Organizing for Your Brain Type by Lanna Nakone, M.A. is a nifty book on organizing and a fabulous guide to understanding your own organizing “type.” It has saved me a lot of “compare and despair” when I was able to recognize that not everyone’s organizational style matches that of corporate America or the traditional solutions offered at Staples.
When, I’ve introduced Lanna’s 4 major styles in workshops, participants have also found relief and empowerment, knowing their style may even look “messier” than what they’d expect, but it it speaks to their own strengths and best ways of staying organized for themselves.
Another very helpful benefit from looking at the 4 different organizing styles, is gaining a better identification and acceptance of others’ brain types/organizing styles that may be different than your own. For instance, I see this with couples very often. Much conflict can come from expecting someone you live or work with to be able to use your system for organizing, when it doesn’t work best for them. Understanding what WILL work best for them, can help you devise systems or methods of utilizing your space so it’s a win/win for everyone.
In a nutshell, the four major organizing styles Lanna outlines are:
1) Maintaining Style
2) Harmonizing Style
3) Innovating Style
4) Prioritizing Style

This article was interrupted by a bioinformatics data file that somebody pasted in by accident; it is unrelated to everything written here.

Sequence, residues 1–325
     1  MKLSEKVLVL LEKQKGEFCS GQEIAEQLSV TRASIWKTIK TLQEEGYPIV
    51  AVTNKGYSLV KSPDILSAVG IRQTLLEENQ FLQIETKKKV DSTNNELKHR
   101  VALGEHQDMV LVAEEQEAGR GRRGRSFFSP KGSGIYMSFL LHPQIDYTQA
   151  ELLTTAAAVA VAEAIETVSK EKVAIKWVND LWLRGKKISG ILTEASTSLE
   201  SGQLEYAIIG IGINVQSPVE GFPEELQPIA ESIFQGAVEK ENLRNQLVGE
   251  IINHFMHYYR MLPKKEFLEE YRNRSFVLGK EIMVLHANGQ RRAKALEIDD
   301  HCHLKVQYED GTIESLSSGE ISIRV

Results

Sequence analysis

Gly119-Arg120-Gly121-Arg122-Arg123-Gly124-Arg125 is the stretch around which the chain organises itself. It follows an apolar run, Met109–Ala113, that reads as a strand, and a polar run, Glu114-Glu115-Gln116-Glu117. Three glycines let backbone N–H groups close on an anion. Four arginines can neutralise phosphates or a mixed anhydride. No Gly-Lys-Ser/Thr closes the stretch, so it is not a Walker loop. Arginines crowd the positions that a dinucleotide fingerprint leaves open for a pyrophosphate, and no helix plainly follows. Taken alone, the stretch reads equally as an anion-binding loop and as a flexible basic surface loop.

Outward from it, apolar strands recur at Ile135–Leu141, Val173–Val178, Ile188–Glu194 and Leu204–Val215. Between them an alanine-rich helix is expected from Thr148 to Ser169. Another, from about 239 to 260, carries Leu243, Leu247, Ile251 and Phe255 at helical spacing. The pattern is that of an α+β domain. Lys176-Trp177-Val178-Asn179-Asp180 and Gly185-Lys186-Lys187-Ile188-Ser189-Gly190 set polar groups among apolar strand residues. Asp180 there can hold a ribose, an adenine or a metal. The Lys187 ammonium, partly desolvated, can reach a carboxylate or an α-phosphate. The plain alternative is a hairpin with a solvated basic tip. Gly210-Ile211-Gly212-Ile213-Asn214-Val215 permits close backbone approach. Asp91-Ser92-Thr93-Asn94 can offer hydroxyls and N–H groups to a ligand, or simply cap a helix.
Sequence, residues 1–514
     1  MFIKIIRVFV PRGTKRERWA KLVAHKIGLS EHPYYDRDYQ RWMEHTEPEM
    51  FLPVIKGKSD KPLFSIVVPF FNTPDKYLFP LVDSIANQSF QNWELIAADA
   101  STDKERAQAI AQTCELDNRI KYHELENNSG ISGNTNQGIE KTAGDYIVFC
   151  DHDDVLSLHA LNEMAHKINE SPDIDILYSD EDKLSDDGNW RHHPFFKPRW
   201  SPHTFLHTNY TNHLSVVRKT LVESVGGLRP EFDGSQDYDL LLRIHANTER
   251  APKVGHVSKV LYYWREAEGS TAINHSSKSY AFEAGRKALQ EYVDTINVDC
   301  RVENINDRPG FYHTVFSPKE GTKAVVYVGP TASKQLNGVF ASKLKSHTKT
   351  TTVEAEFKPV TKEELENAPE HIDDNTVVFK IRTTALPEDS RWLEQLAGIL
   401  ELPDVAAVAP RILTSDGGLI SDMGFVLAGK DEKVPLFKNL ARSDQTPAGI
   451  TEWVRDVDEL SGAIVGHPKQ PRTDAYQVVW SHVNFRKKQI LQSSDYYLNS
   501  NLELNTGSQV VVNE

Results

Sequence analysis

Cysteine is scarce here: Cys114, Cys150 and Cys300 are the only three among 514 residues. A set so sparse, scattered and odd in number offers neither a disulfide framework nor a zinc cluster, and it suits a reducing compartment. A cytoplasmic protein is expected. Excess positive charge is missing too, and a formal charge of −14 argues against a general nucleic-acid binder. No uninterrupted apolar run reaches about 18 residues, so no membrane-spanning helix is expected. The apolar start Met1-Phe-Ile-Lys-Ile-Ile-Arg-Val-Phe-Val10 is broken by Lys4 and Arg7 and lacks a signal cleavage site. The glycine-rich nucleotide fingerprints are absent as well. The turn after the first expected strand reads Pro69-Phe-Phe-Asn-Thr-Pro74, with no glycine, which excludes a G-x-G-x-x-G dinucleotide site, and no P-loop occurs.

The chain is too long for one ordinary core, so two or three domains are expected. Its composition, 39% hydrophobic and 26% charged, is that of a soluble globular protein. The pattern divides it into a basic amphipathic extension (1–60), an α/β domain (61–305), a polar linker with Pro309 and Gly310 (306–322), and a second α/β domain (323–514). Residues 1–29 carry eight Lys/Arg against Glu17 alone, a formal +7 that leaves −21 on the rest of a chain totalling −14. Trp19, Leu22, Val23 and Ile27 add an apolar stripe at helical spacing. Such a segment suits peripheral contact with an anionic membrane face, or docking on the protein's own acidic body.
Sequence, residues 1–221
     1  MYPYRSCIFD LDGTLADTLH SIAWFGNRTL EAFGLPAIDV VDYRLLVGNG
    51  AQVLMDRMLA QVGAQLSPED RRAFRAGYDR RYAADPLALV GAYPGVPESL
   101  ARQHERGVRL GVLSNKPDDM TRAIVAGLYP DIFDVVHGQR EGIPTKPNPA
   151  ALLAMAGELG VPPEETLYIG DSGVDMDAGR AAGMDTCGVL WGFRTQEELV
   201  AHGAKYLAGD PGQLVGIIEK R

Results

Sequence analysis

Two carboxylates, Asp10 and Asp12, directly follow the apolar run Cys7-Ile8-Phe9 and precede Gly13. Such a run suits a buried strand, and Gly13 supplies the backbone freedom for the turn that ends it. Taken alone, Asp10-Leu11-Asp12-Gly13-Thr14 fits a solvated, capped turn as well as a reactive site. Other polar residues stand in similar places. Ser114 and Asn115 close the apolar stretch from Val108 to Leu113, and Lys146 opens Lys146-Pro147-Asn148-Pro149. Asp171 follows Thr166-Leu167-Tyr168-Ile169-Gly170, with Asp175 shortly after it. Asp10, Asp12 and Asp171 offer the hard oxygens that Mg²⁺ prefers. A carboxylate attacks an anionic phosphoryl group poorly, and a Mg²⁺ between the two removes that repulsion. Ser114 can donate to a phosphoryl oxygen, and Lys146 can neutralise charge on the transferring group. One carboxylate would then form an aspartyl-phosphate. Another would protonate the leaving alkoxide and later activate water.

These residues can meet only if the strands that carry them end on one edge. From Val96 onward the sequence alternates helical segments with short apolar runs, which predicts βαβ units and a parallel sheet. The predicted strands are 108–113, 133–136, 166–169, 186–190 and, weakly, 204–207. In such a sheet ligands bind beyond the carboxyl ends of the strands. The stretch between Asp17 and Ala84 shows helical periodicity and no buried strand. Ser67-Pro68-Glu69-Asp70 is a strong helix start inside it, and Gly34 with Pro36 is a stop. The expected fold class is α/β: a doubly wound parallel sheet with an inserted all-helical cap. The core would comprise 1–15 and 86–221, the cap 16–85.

I’ll go into each style in more detail in my next posts…..if you’re eager to glean more now, check out Lanna’s Organized World.
Keep everything visible.
Does this mean keep everything out, and never use closets, drawers and pantries?
NO……it means, even when using these spaces, organize them in a way that allows you to see everything you have. Which brings us to the priciple:
Have enough room for everything you store.
Don’t use drawers to jumble piles, or stack items on top of other items – this leads to “out of sight, out of mind” syndrome, which has us hunting frenetically for items and re-purchasing what we already have.
Keep like items with like items.
The more we think and store in categories, the less our brains have to work, and the more time we save looking for what we need when we need it.
Most of us have a silverware drawer, where we keep forks, spoons, and knives separated. We wouldn’t think to keep some forks in the bathroom, some on the coffee table, some in bed. But we often don’t give the same consideration to the other items we possess. Whether it’s “loose” categories like the silverware above, or stricter sub-categorizes like “forks with forks”, “spoons with spoons”, think of other categories you can group and house in one area: books, desk supplies, yoga equipment, for example.
The categories don’t need to make sense to anyone else but you. If “things that make me laugh” is a category for you –think how nice it will be to put your hands on that stash on your next rainy day.
Organizing Equilibrium….or “One In; One Out.”
For every new item that needs a home, look to let go of one worn, expired, unused, or unwanted item.
Make the homes for things close where you use them.
This picture-perfect example above is kind of like organizing eye candy — it’s a drool-worthy ideal, and yes, it comes from a magazine — kind of like looking at the supermodels on the covers of beauty tip magazines.
Below, is another picture, perhaps less “perfect”, but demonstrates the same principle of making what you use most, easiest to find:
The Queen of organizing principles: A place for everything, and everything in its place.